In the pre-COVID era, teachers relied on various means to acquire new skills and enhance their capabilities. Prominent educational institutions like Kendriya Vidyalayas and state education departments established training wings, specifically designed to upskill teachers, enabling them to stay updated with the evolving educational landscape. Annual in-service training sessions were conducted by many schools, allowing teachers to acquire new knowledge and teaching techniques. However, in rural and economically disadvantaged city schools, teachers often had to rely on their own devices to keep pace with the rapid changes in education.

COVID-19 thrust online learning, teaching, and training into the spotlight. Even before the pandemic, the Indian government had introduced programs like NISHTHA and DIKSHA to support teacher professional development. However, the effectiveness of these resources varied.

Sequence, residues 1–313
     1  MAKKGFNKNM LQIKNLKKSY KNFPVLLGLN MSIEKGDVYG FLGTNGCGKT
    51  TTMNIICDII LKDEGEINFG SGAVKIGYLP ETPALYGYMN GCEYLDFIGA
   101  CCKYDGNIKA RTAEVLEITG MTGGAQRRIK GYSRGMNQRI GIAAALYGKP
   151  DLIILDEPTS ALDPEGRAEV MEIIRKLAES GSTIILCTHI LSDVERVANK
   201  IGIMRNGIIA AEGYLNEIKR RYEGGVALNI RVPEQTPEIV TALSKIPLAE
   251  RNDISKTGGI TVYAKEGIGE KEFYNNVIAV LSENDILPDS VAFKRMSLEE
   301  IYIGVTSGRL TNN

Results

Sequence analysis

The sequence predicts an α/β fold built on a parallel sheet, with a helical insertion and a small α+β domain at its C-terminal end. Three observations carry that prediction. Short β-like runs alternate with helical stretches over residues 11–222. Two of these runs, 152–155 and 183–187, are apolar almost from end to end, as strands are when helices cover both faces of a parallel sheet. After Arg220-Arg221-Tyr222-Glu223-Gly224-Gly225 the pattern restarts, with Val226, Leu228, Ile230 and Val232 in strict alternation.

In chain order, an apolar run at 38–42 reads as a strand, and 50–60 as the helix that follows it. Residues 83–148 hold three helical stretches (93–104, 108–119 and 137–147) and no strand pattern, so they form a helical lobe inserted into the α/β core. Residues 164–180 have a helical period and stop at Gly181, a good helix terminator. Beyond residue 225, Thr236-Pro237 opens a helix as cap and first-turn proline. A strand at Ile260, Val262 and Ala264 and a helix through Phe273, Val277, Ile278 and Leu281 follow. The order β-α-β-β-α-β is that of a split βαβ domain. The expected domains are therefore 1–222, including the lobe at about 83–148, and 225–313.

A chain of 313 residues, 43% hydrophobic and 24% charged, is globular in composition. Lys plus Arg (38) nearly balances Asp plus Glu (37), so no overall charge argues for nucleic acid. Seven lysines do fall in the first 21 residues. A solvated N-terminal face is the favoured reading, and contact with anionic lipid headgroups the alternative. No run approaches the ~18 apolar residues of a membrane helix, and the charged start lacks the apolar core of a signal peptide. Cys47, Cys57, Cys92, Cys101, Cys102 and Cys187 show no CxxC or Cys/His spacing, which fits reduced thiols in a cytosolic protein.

To develop our understanding of how teachers learned during the pandemic, we talked to two administrators – Roshan Pradhan, former vice principal of Deorali Senior Secondary School, Gangtok and Nandashree Natarajan, headmistress of the nursery wing of Sri Kumaran Children’s Home, Bengaluru. Roshan and her team found that while DIKSHA was not user-friendly, NISHTHA provided highly interactive training modules for teachers from primary to senior secondary levels, proving to be extremely useful. Teachers all over the country experienced that social media platforms like Zoom and Google Meet played a significant role in facilitating collaboration and knowledge sharing among teachers. The resulting exchange of ideas and best practices proved invaluable as teachers rapidly adapted to new teaching methodologies. It was during this time that the teaching community realized the power of collaboration and innovation, with teachers breaking free from traditional silos and embracing a collective approach to learning and development.